Rising Above Religious Dogma to Save a Family
Outlines of book entitled:
God's Grace in Divorce:
Preserving the Marriage and Protecting the Children
Many spouses suffer under the yoke of a repressive partner and the family begs for a solution, only to be told by Christian faith groups that divorce is not an option. This happened to me and I stayed in a dysfunctional marriage for too long, a decision I now regret. Luckily, secular organizations stepped in and provided solid answers. In my case, an earlier divorce would have been better because the damage to the family was done before the divorce and not as a result of it – the divorce brought stability and healing.
My book departs from textbook clichés and reminds the reader to use God-given intellect in deciding what is best for the family. The path we choose may not agree with biblical interpretations and God understands our departure. God's Grace in Divorce helps those who cannot find a workable solution within the boundaries of religious teaching – it serves as escort and friend when traveling on a lonely road alone. The author shares his personal story to bring hope and healing, but most importantly, he begs the reader to trust in God. Reading the book will make visible the imprint of the Lord’s embracing arms and provide an inner peace of having been lead to a calm harbor.
Divorce for just cause is poorly understood in Christian circles and many believe it is self-inflicted. Uttering, “For whatever a man sows, that he will also reap (Galatians 6:7)” does not apply well and
I almost lost my children listening to advice-giving church groups who said I should hang on to the marriage for the sake of biblical teaching. As father of five children, I tried desperately to save my marriage, only to realize that divorce was the only option. So important was the exit for the health of the family that I feel obligated to share the experience with others and wrote, God's Grace in Divorce: Choosing Between Preserving the Marriage and Protecting the Children.
The book is unique in that it steps outside of religious conventions to resolve a common family problem, that of mental illness by the spouse. God’s Grace in Divorce is not a “how to” book but gives hard-earned insights into an issue that is often neglected. The family comes first and survival does not rest upon ancient rules but lies in the capable hands of a loving parent who is ultimately responsible for the home, albeit alone if so necessary.
Marriage is built on the understanding that both parties are rational and mature. When the mind of the partner drifts, the responsible spouse has amazingly little power to make a change; he or she is only one piece of the puzzle and commitment, love and counseling cannot transform the other. Disallowing divorce when the condition harms the nucleus of the family undermines the very purpose of marriage and violate God’s covenant to humanity by entrapping the family into an untenable situation.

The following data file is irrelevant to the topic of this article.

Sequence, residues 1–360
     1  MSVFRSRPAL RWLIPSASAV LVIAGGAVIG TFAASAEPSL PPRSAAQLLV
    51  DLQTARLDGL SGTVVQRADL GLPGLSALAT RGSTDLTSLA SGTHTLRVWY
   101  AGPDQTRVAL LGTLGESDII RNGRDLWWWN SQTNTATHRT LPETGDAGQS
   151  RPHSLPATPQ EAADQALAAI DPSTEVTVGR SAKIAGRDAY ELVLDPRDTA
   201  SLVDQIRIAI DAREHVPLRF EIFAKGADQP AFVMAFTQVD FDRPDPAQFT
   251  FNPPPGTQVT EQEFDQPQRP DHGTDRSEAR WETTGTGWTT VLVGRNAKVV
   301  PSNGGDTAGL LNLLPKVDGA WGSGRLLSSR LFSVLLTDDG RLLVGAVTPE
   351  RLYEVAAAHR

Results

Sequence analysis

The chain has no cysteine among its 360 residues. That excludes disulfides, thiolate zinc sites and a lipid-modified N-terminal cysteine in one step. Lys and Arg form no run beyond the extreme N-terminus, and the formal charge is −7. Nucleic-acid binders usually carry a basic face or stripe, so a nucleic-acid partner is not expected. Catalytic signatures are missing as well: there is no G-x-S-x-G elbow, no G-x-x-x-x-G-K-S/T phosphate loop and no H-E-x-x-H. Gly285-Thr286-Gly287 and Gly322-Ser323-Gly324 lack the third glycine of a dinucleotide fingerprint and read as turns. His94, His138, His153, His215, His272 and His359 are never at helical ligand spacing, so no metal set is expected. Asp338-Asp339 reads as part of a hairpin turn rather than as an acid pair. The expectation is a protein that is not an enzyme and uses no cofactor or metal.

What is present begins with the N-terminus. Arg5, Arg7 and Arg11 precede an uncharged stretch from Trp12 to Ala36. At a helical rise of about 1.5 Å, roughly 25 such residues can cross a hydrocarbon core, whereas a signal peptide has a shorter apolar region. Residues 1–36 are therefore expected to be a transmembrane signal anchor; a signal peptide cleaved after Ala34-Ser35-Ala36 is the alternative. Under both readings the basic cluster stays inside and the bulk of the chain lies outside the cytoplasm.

As layman I make the bold statement that biblical permission on divorce does not apply well to modern times. Saying that “my hands are tied by the Bible” may satisfy the pastor’s own conviction, but such a careless remark tears the divorcing couple between strict church rules and the desire to exit. Rejected, confused and entangled in a mire of religious dogma, the party seeks assistance from a secular world and finds ready support there. The Church must respect divorce for just cause as an immutable human right on which to draw when no other option is available.
Although God’s plan of a mother and father serves best, the traditional family is not the only model
that works. My book explains that statistical records of troubled single-parent homes can be misleading because the data does not look at the reason for divorce. I believe that a marriage can only succeed if both partners are rational and mature. Character flaw of the parent(s), and not divorce, are the contributing factors of a dysfunctional home; they act as precursor for juvenile delinquency. This may explain why single parenting by widowhood works better than divorce – the grave can be a better resting place.
My book stresses the parent’s responsibility to create a loving and stable home by setting firm rules
and then going out and earning a living. A dysfunctional spouse makes this impossible because parental authority is being undermined. The children take advantage of the weak pillar and gravitate to the path
of least resistance. Without correction the house will eventually collapse. This happened to us and the children got involved in illegal activities outside the home – single parenting eventually corrected this.
I am critical of marriage counselors who try to reunite couples with textbook guidelines when mental illness causes the problem. While “interior decoration” will repair many marital struggles, the therapy approach alone fails when the house is collapsing. From my own experience I know that children want parents who have good morals, lead by example and are mentally stable. If this cannot be attained with two, doing it alone is best because clear and concise guidance from one parent is better than two in conflict. Single parenting causes minimal harm if the home is otherwise solid, welcoming, loving and fair – disharmony is the cause of destruction. When my family became functional again after the divorce, my children thanked me for having taken the step.